Eighteenth-century women have long been presented as the heroines of traditional biographies, or as the faceless victims of vast historical processes, but rarely have they been deemed worthy of rigorous historical enquiry. To date, there are no published studies of non-literary or non-aristocratic circles of eighteenth-century women. The Gentlemanís Daughter fills this gap with an elegant, evocative and controversial account of the lives of genteel women - the wives of lawyers, the sisters of merchants and the daughters of gentlemen. The results are striking and unexpected.
Based on the study of the letters, diaries and account books of over one hundred women from commercial, professional and gentry families, mainly in provincial England, The Gentlemanís Daughter challenges the currently influential view that the period witnessed a new division of the everyday worlds of privileged men and women into the separate spheres of home and work. Amanda Vickery invokes the womenís own accounts of their lives to argue that in the course of the eighteenth and early nineteenth centuries the scope of female experience did not diminish - in fact, quite the reverse. Contrary to orthodoxy, in the eighteenth century their was neither a loss of female freedoms, nor a novel retreat into the home. In their own writing, genteel women throughout the Georgian era singled out their social and their emotional roles: kinswoman, wife, mother, housekeeper, consumer, hostess and member of polite society. To make sense of their existence, they invoked notions of family destiny, love and duty, regularity and economy, gentility and propriety, fortitude, resignation and fate. At the same time, as Vickery demonstrates, their social and intellectual horizons rolled majestically outward: in their tireless writing no less than in their ravenous reading genteel women embraced a world far beyond the boundaries of their parish; while an array of new public arenas emerged for the entertainment of the proper and the prosperous - assembly rooms, concert series, theatre seasons, circulating libraries, day-time lectures, urban walks and pleasure gardens, as well as regular sporting fixtures and the assizes.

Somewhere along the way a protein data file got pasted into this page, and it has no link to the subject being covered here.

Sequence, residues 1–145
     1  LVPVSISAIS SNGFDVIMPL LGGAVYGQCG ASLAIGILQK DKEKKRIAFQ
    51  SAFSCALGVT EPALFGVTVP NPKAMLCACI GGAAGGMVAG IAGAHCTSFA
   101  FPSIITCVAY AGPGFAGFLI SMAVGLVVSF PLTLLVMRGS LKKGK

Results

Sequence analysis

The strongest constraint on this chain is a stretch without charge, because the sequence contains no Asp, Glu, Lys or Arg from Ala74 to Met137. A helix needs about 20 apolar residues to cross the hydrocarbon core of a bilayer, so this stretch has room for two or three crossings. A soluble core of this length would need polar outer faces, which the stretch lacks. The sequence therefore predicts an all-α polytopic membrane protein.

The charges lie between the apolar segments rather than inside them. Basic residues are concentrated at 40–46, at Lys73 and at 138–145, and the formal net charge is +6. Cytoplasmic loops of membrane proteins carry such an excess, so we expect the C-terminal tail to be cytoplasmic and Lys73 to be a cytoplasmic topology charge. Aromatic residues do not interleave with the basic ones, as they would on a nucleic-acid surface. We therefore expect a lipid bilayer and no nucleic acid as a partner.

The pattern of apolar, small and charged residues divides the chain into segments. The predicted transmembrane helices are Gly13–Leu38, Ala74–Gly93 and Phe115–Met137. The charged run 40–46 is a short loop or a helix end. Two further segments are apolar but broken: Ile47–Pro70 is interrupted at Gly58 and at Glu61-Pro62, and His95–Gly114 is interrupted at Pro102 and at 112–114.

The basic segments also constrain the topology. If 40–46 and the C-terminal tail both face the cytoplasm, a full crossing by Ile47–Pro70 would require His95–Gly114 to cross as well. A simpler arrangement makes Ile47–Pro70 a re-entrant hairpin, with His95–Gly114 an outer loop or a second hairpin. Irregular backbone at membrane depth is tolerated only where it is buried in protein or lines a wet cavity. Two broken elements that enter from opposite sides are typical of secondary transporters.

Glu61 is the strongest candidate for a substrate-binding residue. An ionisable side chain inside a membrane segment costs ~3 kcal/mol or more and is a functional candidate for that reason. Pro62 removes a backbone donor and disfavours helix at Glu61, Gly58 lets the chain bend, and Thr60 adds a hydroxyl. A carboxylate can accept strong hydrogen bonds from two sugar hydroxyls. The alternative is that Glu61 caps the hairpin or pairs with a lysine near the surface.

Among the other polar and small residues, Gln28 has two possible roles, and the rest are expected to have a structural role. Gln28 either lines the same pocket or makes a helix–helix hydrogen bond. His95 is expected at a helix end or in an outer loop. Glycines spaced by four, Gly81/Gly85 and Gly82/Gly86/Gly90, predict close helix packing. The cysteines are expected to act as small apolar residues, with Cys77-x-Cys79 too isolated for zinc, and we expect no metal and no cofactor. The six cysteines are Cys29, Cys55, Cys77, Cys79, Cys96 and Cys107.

This lively, often humorous study offers an unprecedented insight into the intimate and everyday lives of genteel women and will transform our understanding of the position of women in this period.